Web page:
When you’ve had a year as dire as the Canada men’s national team, it makes perfect sense to focus on the future.
And in the opinion of Canadian Soccer Association president Victor Montagliani, the future is looking bright.
“The amount of youth camps and experience that we’ve given to our players this year is probably the most we’ve done in over a decade, if not more,” Montagliani told MLSsoccer.com recently. “We’re starting to see some of the benefits of that, even in the early stages, on the men’s side.”
Indeed, 2013 saw Canada qualify for their second straight FIFA Under-17 World Cup (after snapping a 16-year absence from the competition in 2011) and also saw several homegrown teenagers – Michael Petrasso, Dylan Carreiro and Keven Aleman (above) – sign professional contracts in Europe.
It was also a year in which the rosters of Canada’s U-17 and U-20 teams were dominated by pro academy products from Vancouver, Edmonton, Toronto and Montreal – a relatively new and novel scenario for Canadian soccer.
“You have to give [the academies] credit for their investment,” Montagliani said.
Still, he said the MLS and NASL academies are just one part of the equation. He points to high-performance leagues in provinces such as British Columbia and Ontario and the ongoing implementation of the CSA’s long-term player development plan within community clubs as crucial pieces of the player development puzzle.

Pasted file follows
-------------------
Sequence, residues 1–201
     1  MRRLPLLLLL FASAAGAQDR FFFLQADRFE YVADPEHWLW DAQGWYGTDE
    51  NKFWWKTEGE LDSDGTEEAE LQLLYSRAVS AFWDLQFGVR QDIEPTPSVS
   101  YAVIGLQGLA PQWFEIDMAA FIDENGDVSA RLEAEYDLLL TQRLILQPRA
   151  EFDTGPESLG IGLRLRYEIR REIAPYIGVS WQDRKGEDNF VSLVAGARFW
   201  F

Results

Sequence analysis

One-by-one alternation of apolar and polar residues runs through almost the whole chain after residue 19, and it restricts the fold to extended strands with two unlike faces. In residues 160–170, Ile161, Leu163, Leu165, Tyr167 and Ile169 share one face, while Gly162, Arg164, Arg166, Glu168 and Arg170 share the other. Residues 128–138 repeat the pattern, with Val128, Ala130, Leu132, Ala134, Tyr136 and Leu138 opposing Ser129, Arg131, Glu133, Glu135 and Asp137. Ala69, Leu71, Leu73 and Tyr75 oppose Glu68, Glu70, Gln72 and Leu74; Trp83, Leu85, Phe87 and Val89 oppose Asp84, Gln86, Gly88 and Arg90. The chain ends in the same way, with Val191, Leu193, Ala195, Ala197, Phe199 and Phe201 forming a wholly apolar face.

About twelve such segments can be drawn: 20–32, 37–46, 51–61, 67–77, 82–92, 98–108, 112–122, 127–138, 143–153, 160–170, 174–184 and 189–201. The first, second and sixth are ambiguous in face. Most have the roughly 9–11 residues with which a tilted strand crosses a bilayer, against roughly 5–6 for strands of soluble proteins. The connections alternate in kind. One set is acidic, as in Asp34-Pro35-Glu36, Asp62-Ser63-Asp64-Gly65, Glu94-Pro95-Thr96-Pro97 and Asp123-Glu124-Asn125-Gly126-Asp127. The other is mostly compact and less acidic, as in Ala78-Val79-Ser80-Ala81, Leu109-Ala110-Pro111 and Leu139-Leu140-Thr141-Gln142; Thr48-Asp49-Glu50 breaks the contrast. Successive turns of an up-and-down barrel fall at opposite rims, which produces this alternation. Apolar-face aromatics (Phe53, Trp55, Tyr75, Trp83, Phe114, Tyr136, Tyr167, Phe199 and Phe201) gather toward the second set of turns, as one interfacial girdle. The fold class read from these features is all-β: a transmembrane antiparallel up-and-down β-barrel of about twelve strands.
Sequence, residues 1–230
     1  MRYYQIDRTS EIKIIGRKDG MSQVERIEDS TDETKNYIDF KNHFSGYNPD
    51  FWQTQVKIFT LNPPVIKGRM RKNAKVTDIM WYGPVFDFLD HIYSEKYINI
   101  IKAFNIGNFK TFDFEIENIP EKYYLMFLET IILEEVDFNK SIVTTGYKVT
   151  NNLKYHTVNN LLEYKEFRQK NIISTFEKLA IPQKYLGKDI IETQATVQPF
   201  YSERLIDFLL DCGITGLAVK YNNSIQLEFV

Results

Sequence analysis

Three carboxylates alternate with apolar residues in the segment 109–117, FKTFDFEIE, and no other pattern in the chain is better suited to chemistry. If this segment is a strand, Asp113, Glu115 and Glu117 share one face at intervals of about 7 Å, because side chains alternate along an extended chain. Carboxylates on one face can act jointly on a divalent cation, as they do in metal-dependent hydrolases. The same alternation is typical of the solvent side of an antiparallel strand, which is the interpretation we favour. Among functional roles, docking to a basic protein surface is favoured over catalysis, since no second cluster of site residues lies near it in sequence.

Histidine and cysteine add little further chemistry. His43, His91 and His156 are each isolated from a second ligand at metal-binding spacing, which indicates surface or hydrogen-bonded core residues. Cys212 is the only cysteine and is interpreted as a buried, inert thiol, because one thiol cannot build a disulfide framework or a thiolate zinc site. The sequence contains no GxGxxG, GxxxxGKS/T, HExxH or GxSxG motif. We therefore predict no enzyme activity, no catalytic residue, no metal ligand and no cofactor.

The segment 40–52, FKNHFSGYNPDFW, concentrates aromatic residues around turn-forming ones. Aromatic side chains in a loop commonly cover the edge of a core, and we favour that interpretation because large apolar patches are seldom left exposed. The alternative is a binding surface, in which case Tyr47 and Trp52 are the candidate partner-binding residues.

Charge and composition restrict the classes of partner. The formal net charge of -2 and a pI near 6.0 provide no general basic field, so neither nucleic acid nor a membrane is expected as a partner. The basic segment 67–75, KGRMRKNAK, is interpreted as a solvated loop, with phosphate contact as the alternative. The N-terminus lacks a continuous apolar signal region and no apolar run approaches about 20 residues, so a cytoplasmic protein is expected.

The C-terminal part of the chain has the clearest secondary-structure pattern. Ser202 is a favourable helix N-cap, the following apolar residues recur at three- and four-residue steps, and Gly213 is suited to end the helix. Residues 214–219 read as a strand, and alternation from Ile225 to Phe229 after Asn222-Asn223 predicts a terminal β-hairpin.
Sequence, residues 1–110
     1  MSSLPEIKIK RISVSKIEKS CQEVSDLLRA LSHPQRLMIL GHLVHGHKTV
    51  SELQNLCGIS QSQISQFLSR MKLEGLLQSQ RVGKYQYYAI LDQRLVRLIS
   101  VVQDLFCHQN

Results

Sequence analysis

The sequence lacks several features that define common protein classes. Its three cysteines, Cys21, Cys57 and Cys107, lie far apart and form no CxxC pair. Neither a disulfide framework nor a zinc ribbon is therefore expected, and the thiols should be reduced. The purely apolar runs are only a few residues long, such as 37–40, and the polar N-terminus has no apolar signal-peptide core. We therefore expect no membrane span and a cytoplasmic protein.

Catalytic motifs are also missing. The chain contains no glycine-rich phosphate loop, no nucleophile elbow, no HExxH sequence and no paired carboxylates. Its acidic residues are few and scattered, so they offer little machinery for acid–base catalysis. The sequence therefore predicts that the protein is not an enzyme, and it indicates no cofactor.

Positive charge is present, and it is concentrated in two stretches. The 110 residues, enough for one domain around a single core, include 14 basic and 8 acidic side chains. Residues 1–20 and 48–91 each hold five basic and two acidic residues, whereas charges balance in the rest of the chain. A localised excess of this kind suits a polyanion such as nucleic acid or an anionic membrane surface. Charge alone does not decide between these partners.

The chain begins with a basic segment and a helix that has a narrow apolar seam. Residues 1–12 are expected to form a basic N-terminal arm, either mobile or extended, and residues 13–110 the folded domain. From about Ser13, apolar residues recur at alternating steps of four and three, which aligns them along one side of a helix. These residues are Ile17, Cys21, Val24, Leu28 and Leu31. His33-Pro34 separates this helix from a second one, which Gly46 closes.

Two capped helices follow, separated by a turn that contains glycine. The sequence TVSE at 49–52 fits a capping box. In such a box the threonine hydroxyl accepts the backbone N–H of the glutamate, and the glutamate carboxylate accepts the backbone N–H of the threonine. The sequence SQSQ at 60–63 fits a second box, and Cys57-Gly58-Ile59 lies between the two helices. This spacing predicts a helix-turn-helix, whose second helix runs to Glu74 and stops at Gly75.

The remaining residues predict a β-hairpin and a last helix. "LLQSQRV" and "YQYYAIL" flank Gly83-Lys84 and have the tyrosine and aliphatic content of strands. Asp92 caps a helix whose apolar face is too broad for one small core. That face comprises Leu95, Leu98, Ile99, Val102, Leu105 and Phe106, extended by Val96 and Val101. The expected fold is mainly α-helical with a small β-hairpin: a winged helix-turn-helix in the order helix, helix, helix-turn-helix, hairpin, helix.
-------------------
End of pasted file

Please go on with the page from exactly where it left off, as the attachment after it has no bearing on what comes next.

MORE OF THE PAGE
“We need to start aligning all these things because there is no silver bullet,” Montagliani said referring to the senior team’s struggles. “[We need to make sure] our clubs beneath our pro clubs are doing the things they need to do to push the players forward. And then once they get to the pro academies, that our professional clubs are doing what they need to do.”
Also important, from Montagliani’s perspective, is ensuring that standout Canadian players have a fair opportunity to earn top-level playing time. The CSA president said negotiations with MLS commissioner Don Garber are ongoing.
“It’s something that we continue to address with [MLS],” Montagliani said. “I’m hoping that at the end of the day, the better players we develop, the less this becomes an issue. But in the short term, I think it’s something between [the CSA and USSF] and the league [that] needs to be addressed.”
Even with that situation in flux, academy products such as Doneil Henry and Russell Teibert were able to establish themselves for club and country in 2013, while other youngsters – including Sam Adekugbe and Jérémy Gagnon-Laparé – got their first call-ups to the senior national team.
So while everyone, Montagliani included, can agree that 2013 was a difficult year for the senior team (winless in 13 games, while scoring just once), he hopes that everyone in the Canadian soccer community – from grassroots up to pro clubs – can agree on something else in the years ahead when it comes to developing the next generation of players.
“We’re all in it together, and I think there’s a realization, for once, in this country that we’re only going to be good [when we] combine our efforts together.”